HealthMarch 03, 2017

The role of chief quality officer

Why the CQO position is needed to improve care, ensure reimbursement, and attract patients.

Why focus on quality?

In today’s value-based healthcare landscape, it’s all about quality.  The federal government is providing considerable financial incentives for hospitals and systems who are demonstrating quality in terms of patient care and outcomes.

Conversely, facilities are also subject to steep penalties for various KPIs that correlate to poor care quality, such as high incidences of HACs, and readmission rates.

The CQO's role

The chief quality officer (CQO) in any organization is the manager responsible for monitoring the quality of the products or services provided. Many CQOs report directly to the chief executive officer (CEO) and are usually members of the management team. In healthcare, both small hospitals and major health systems charge CQOs with helping to collect and report the data that demonstrates high-quality outcomes, which are needed for reimbursement and to attract patients.

Like other high-level positions, organizations should seek out CQOs with a specific set of skills and experiences. Having a clinical background is helpful, especially when interacting with physicians, but that should be combined with someone who understands the business and administrative side of healthcare.

Qualified CQO candidates should have:

  • a minimum of five years experience leading a highly performing quality team within a hospital or health system
  • experience as a leader for performance excellence and applied knowledge of a performance improvement methodology, such as Lean or Six Sigma
  • in-depth knowledge of national trends and active nationally within the quality and performance improvement space
  • relevant experience using advanced clinical technologies to drive operationally efficiencies and outcome improvement
  • the ability to translate broad strategies into specific objectives and initiatives
  • responsibilities including systems and process redesign, implementation of evidence-based and industry best practices throughout the organization.

In an interview with HealthLeaders magazine, CQO David Ballard, MD, PhD, MSPH, FACP, of Texas-­based Baylor Scott & White Health, called the CQO title a “must­ have” for all health systems to show their commitment to quality care. Baylor Scott & White Health runs 41 hospitals, more than 950 patient sites, and more than 6,600 affiliated physicians. In this large organization, Ballard's direct reports—who include a chief patient safety officer, a chief patient experience officer, a chief health equity officer, and a chief clinical effectiveness officer—answer to the CEO and collaborate with other members of the C-suite, including the CFO, CNO, CMO, COO, and CIO.

Success as a CQO

A key pathway to reducing healthcare costs is to achieve continuous improvements in health outcomes while reducing ineffective care, healthcare waste, and harm to patients. The CQO must lead this charge. Ballard travels the country to teach other health systems how to structure their CQO positions, acknowledging that the approach differs based on an organization's size and priorities.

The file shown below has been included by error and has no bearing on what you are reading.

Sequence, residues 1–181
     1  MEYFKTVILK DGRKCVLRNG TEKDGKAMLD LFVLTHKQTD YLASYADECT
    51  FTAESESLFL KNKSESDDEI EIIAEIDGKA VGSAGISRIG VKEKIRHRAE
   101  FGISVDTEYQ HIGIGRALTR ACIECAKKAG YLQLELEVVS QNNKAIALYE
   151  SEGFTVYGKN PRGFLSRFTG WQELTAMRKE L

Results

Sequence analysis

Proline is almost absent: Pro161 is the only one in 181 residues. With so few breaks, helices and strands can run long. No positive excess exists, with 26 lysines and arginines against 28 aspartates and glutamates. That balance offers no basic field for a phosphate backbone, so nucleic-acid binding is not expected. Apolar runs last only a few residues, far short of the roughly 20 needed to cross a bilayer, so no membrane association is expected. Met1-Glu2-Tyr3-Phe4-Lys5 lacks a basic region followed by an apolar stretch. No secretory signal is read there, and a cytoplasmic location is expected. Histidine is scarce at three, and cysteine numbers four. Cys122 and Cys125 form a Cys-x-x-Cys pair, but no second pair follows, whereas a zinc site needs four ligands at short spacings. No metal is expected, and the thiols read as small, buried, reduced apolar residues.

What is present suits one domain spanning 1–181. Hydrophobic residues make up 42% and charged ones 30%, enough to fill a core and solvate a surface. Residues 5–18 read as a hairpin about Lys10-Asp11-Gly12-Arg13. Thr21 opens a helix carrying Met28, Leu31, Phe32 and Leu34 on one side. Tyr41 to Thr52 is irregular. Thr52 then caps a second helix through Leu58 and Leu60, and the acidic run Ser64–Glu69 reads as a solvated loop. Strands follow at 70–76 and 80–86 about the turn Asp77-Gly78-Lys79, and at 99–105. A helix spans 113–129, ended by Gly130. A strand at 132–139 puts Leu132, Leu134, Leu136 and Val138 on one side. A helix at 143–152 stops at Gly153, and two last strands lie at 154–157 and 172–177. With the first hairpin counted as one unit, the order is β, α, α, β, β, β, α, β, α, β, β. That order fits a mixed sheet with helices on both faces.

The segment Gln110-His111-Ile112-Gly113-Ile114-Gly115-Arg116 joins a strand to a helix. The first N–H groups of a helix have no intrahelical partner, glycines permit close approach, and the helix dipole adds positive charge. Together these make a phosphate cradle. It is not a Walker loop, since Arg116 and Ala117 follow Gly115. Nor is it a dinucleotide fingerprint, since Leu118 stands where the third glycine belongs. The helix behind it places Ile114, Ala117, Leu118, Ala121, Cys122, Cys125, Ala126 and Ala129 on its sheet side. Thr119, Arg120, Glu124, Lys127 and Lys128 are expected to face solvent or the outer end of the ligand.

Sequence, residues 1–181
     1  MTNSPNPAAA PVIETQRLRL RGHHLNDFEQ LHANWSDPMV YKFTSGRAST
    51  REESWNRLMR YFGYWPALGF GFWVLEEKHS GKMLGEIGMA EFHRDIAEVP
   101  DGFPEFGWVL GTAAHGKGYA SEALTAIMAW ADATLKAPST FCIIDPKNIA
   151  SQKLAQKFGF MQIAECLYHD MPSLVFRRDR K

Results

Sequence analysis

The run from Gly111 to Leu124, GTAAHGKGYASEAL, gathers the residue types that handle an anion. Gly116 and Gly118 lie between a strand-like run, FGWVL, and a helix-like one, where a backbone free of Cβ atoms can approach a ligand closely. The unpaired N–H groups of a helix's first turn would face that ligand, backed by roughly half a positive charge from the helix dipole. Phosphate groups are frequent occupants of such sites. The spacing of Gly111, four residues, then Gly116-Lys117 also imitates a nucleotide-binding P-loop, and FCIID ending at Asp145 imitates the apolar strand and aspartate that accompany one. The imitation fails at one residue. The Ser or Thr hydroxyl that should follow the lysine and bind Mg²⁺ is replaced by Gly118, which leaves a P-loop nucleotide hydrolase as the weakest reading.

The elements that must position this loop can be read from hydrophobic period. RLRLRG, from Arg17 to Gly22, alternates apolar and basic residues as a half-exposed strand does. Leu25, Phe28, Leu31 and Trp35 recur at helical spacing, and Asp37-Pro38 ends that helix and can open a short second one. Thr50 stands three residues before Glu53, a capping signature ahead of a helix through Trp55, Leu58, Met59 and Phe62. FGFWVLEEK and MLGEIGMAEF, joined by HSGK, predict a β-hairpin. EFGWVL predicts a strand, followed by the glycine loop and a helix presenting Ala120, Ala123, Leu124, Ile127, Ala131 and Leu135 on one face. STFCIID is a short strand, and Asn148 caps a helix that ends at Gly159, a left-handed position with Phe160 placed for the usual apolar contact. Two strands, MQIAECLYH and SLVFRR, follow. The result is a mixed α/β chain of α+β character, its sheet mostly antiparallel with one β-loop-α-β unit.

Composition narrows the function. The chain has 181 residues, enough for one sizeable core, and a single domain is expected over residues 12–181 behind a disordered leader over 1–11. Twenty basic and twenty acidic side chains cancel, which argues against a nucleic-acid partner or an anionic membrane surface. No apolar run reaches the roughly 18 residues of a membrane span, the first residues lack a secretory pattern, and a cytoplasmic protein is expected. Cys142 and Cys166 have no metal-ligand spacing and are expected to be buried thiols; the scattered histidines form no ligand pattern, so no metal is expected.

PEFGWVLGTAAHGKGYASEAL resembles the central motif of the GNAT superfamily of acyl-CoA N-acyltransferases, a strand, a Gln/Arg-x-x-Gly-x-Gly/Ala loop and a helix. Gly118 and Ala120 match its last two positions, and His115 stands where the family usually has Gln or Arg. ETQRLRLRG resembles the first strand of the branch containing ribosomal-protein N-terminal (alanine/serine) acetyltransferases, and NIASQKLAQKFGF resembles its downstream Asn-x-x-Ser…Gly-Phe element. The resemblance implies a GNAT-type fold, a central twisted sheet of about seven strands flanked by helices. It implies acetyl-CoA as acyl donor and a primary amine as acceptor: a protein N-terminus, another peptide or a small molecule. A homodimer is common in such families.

To be an effective CQO, you have to be a connector, and develop relationships in order to accomplish quality goals. For example, to reduce high-risk cardiac surgery mortality rates, Ballard worked closely with health system leaders, hospital leaders, cardiac surgeons, and operating room staff to institute a second-opinion rule. Together they sorted out benefits and likely risks for certain cardiac patients, ensuring clinicians could optimize a patient's functional status prior to surgery.

A good feel for the organization is a key to success, which makes promoting from within the ideal approach. Because this is such a relationship-based position, having internal experience gives you an advantage as CQO.

Expanding quality

While every staff member—from frontline workers to high-level executives—must play a part in providing quality care, health systems need a CQO in a leadership role to ensure that is happening.

For many years, CQOs had little guidance regarding their role in the health care system, but  the industry is coming to consensus. CQOs will be very key in the upcoming decade as healthcare moves from volume to value.

J. Michael Kramer, MD, MBA, senior vice president and CQO at Spectrum Health, a 12-hospital health system in Western Michigan with 184 ambulatory and service sites, said that in order to achieve high quality goals, clinical informatics and quality teams need to be tightly aligned.

Kramer focuses quality on four key areas:

1.Informatics and the ability to embed quality into the systems

2.Process improvement

3.Transparency in analytics

4.Transparency in professionalism.

The roles and responsibilities of CQOs can vary greatly from one organization to the next, but it is safe to say that CQO roles are expanding across the board. Naming a CQO elevates quality in the minds of hospital staff and patients alike.

Does your healthcare organization have a CQO? Tell us about your experiences working with him or her in the comments section.

For further reading on how Lippincott Solutions can help support increased quality, check out our FREE White Paper that documents independent research conducted by The Rockburn Institute, which used data from Centers for Medicare and Medicaid Services to determine that hospitals using our industry leading POC Lippincott Procedures and Lippincott Advisor software have higher clinical process of care & patient outcome scores within the Value-Based Purchasing (VBP) model than hospital that do not.

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